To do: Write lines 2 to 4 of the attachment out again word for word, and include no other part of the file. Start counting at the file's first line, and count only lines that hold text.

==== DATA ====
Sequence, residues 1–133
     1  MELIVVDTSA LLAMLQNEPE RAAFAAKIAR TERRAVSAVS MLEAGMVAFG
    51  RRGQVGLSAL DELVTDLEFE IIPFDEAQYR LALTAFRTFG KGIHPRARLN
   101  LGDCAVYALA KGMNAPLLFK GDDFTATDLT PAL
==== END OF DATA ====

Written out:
     1  MELIVVDTSA LLAMLQNEPE RAAFAAKIAR TERRAVSAVS MLEAGMVAFG
    51  RRGQVGLSAL DELVTDLEFE IIPFDEAQYR LALTAFRTFG KGIHPRARLN
   101  LGDCAVYALA KGMNAPLLFK GDDFTATDLT PAL